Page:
Tag Archives: suffix


“It’s not the scenicest day,” I said to Aina, looking out the train window at a cloudy sky as we headed to Niagara for some wine and walking.*

Or perhaps I should spell that scenic-est, so you know I wasn’t saying it like “see nicest,” even though what is scenicest is nicest to see.

“Is that a word?” you may be thinking – or perhaps typing in an email to me. Well, I used it and you understood it, so yes. But is it a well attested word? No. You can find a couple hundred hits for it on Google, but it’s a safe bet most of them are – as I was – self-consciously using it as an awkward construction rather as Lewis Carroll used curiouser.

Why wouldn’t I just say most scenic? Because I like playing with words. Now it’s your turn: Tell me why scenicest shouldn’t be allowed. It’s a two-syllable word, after all, and it’s quite common to append –er and –est to one- and two-syllable words. The selection of those for which more and most are reserved is almost random-seeming. At the very least, the distinction is not black and white. For some words, it is a matter of personal taste which to use: beautifuller and beautifullest were formerly common enough, but now it seems we see the two-word version as the more beautiful.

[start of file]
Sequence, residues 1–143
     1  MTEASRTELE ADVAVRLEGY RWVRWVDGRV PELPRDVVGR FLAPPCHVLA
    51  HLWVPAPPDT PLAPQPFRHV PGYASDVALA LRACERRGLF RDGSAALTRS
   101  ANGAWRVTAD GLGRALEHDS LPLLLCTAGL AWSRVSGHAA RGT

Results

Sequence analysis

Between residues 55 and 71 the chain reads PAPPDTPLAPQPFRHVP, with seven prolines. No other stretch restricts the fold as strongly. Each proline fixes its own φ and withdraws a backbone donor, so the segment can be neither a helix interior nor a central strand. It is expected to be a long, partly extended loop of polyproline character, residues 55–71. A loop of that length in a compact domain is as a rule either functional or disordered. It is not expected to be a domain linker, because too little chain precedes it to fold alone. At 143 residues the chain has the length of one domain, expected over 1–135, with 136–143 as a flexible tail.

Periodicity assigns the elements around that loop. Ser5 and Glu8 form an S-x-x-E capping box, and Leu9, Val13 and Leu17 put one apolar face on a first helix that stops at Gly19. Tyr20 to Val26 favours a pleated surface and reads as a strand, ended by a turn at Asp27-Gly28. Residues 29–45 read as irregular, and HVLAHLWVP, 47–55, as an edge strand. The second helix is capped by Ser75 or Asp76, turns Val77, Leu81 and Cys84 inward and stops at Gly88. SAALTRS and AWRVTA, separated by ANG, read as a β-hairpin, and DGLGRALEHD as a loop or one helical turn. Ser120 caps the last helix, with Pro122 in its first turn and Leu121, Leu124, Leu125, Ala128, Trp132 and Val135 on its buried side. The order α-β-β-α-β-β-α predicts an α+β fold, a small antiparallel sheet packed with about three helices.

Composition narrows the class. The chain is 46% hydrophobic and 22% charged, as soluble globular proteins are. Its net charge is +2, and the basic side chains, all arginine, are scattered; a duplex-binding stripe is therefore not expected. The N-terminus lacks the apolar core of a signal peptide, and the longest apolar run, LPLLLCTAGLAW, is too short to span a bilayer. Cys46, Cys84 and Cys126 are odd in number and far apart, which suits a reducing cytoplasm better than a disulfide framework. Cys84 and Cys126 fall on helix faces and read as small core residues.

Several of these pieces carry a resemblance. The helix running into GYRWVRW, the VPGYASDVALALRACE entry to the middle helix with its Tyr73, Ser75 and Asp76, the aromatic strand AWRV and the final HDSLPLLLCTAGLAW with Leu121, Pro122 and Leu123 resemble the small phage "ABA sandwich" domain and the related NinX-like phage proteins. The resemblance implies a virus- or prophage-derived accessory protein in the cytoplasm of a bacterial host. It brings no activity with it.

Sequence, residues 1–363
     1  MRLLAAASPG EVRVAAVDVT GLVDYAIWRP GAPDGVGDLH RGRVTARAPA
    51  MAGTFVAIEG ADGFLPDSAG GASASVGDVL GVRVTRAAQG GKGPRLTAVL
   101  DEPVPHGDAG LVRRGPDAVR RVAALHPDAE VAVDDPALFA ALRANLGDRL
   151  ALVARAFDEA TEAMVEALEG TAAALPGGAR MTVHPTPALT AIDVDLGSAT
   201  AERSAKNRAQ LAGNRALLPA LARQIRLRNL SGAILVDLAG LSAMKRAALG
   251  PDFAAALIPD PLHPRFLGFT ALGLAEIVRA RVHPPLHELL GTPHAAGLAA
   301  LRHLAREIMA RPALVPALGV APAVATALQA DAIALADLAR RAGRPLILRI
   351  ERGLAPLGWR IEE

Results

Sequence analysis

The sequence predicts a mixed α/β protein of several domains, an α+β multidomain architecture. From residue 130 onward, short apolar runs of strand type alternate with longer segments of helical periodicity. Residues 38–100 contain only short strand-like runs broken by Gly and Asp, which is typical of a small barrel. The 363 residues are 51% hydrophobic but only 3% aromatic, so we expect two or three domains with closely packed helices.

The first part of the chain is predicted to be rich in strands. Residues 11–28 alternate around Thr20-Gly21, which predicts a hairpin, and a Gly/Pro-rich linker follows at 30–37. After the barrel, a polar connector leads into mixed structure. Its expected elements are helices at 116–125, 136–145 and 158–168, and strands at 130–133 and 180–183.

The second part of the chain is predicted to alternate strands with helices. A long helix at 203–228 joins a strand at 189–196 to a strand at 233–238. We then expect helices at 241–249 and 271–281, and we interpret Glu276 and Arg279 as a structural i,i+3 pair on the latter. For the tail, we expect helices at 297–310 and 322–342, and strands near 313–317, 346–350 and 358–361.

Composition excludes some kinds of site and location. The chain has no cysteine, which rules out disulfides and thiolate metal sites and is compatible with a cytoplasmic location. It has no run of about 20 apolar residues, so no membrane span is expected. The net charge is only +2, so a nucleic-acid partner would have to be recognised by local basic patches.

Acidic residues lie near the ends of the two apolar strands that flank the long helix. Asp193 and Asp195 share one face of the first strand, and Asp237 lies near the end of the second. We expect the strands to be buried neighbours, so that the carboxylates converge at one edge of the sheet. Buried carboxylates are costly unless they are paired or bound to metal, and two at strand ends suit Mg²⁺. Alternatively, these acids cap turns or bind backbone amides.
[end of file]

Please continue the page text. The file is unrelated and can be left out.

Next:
I do think that what we see is part of the problem here. For assorted historical reasons (mostly to do with palatalization before front vowels in Latin and Romance languages), c “softens” before e and i. But the sound /k/ does not have an actual allophonic alternation with /s/ in modern English. We just retain the rule about c because of our borrowings from French and Latin. This makes a problem when we have something that sounds fine but runs into a spelling issue. Take chic. Lovely word, stylish, smart. Borrowed from French. By borrowed I mean adopted – actually I mean stolen. Anyway, it’s treated like an English word: it’s one syllable, so instead of saying most chic we often just add the –est and make it chicest.